Russia, this tree will grow to 15-20 feet in height. It likes full sun, is hardy to USDA
Zone 4, and is resistant to cedar-apple rust. With low water needs, the Russian Hawthorne
is a good choice for the xeriscape garden. The tree is covered with white blooms in late
May or early June. These are followed by dark red berries in August. Fall foliage is
yellow, and its yellow-gold bark and twisted branches provide good winter interest.
Western Catalpa (Catalpa speciosa): A native to the
United States, this tree grows 40-60' or more and is hardy to USDA Zone 4. Also known as
the Indian Bean Tree, it can be grown in sun to partial shade and adapts well to a variety
of soils. Its leaves are very large, up to 10", and heart-shaped. Spectacular white
orchid-like flowers are borne in 7-inch clusters in May and June. The seedpods last into
winter and are brown, up to 20" long, resembling beans or cigars. Fall color is
yellow. This tree can occasionally have mildew.
tree was introduced from the Orient in 1809 by Thomas Jefferson. It is native to China,
Japan and Korea. Growing 30-40' in height, it is hardy to USDA Zone 5 and grows well in
full sun to partial shade. A good urban tree, the Golden Rain Tree tolerates drought,
alkaline soil, heat, wind and air pollution. One of the few trees to bloom in mid-summer,
it produces showy yellow flowers on 12-15" panicles in late June to July. These are
followed by chartreuse lantern-like, papery seed pods that turn a rich brown in fall and
may last through the winter. Fall foliage is yellow. The bark is attractive, with ridges
and furrows. This tree has no serious disease problems, but can be host to the Red
shouldered plant bug.
Another tree in the Horse Chestnut family may be more suitable for the smaller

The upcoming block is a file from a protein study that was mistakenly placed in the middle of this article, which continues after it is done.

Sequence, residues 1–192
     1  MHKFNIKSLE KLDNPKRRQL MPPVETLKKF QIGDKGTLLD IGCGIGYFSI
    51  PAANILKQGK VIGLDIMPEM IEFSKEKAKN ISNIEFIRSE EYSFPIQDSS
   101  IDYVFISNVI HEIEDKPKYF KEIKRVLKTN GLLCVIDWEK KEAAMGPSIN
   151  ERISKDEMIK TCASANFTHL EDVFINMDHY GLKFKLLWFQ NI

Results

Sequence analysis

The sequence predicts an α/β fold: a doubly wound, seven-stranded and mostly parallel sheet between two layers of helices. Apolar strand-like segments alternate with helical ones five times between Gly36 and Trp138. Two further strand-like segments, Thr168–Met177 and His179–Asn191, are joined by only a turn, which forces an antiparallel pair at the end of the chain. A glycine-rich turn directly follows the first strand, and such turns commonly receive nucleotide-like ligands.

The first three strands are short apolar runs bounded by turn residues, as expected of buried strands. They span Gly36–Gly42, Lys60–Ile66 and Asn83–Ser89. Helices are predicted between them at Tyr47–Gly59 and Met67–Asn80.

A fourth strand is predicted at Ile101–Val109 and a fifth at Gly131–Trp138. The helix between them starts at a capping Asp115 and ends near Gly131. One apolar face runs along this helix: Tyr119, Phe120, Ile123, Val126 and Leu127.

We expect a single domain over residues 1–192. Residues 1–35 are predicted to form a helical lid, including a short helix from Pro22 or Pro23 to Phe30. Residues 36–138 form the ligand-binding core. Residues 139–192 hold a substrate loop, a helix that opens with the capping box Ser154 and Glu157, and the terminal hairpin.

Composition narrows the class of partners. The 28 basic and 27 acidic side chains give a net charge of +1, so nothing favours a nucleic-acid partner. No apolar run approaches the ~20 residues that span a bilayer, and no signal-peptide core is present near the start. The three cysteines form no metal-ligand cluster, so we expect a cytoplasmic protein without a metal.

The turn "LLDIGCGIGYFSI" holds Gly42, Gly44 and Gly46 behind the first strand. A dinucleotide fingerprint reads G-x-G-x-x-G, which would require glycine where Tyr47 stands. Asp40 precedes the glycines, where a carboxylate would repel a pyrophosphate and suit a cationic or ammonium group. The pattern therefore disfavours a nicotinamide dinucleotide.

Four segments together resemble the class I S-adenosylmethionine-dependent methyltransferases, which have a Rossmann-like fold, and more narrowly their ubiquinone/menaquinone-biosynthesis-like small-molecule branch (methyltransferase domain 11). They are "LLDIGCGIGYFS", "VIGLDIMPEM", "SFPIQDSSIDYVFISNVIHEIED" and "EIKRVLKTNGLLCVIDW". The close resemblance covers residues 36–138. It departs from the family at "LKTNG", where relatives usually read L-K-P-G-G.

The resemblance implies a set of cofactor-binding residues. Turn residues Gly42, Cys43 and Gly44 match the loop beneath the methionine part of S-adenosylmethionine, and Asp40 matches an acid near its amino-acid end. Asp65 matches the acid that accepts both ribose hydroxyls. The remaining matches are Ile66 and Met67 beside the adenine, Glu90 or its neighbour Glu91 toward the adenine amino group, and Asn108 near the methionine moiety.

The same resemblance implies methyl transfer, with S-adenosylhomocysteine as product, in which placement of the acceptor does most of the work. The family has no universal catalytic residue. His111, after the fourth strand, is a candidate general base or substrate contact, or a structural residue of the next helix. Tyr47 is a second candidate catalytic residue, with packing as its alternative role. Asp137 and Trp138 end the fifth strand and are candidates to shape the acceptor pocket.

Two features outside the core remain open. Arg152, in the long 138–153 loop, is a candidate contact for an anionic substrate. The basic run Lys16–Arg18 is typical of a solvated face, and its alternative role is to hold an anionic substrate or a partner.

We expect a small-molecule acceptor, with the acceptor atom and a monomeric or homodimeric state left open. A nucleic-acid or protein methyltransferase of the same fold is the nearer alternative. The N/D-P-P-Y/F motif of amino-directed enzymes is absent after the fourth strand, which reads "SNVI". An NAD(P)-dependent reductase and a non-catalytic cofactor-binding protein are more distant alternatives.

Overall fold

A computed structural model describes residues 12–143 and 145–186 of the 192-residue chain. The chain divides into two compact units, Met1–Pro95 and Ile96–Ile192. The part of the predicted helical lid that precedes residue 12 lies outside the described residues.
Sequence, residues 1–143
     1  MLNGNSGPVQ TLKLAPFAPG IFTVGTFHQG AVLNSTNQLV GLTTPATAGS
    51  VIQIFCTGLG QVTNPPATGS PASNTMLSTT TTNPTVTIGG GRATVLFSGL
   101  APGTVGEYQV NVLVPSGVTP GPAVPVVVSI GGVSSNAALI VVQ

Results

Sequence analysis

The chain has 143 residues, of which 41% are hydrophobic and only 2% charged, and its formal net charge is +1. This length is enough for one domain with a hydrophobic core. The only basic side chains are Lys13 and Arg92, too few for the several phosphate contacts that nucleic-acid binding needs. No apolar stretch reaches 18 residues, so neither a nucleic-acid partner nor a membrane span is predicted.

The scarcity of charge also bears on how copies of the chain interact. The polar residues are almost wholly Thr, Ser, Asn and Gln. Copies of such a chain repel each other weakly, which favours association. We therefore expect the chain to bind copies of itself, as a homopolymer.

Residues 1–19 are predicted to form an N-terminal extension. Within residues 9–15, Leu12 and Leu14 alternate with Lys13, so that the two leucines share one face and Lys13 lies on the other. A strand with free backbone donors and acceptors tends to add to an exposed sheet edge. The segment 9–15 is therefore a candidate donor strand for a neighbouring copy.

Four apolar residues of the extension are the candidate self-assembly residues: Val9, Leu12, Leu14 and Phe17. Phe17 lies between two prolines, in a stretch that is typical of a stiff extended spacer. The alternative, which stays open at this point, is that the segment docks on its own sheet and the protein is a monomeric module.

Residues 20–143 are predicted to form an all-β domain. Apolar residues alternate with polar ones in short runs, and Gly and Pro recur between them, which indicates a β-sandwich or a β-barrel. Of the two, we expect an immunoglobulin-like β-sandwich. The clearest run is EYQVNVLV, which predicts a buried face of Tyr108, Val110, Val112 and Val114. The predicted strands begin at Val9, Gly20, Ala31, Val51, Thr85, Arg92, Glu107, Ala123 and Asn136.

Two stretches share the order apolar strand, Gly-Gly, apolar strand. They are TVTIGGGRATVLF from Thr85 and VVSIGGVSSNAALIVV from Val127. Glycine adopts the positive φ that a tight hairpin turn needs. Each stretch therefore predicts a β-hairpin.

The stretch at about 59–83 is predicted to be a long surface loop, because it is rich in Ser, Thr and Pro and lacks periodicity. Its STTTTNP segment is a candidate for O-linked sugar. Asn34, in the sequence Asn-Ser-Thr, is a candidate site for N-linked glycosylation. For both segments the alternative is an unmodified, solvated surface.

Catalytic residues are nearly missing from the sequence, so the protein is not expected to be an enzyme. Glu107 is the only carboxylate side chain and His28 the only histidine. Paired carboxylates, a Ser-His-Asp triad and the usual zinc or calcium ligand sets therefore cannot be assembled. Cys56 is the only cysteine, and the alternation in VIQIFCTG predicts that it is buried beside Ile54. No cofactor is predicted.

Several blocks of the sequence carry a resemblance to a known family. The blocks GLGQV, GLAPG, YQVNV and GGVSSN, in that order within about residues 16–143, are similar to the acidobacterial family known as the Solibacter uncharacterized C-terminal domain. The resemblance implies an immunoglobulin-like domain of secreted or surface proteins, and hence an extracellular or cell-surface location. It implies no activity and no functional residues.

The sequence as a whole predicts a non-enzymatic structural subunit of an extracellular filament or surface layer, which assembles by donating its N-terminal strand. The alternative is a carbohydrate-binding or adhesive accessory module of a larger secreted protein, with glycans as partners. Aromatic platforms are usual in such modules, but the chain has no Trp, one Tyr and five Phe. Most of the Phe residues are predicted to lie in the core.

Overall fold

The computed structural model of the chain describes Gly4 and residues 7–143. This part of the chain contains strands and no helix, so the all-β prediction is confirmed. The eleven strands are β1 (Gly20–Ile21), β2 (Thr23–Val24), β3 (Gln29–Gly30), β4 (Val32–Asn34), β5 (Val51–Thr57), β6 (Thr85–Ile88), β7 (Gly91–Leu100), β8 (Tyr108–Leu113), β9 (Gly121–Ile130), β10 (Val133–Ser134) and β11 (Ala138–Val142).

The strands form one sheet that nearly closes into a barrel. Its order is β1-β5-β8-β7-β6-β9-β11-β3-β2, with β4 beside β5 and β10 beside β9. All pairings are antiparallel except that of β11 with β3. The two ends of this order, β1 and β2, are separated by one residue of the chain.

landscape. The Ohio Buckeye (Aesculus
glabra), a native, is similar in seasonal appearance to the Horse Chestnut
but grows only 20 to 40 feet in height.
The Red Buckeye (Aesculus pavia)
grows 12 to 25 feet in height, has good fall color and spikes of fragrant yellow-red
flowers in spring. Hardy in zones 3 to 7, these trees will tolerate full sun to partial
shade and prefer moist, well-drained soil. All parts of these trees are poisonous if
- Hornbeam (Carpinus caroliniana ): The name
Hornbeam comes from the German for tough tree. This tree will grow to 40', likes full sun
to partial shade, and is hardy to USDA Zone 3b. It tolerates any soil, needs good moisture
and drainage until well-established but then is tolerant of moderate drought conditions.
Flowers are not impressive, but seedpods are arranged in bracts of three and resemble
papery, hanging Japanese pagodas. The fall foliage is striking, ranging from yellow to
apricot to orange-red and then plum. The trunk of this tree is sinewy and twisted,
resembling flexing muscles. The long, slender, zigzag branches form an impressive winter
silhouette. It has no serious disease or pest problems.
The ideal planting time for trees is in the early spring, as soon as the ground is
workable. This spring, why not add something to your landscape that can be enjoyed all
Photographs courtesy of Judy Sedbrook.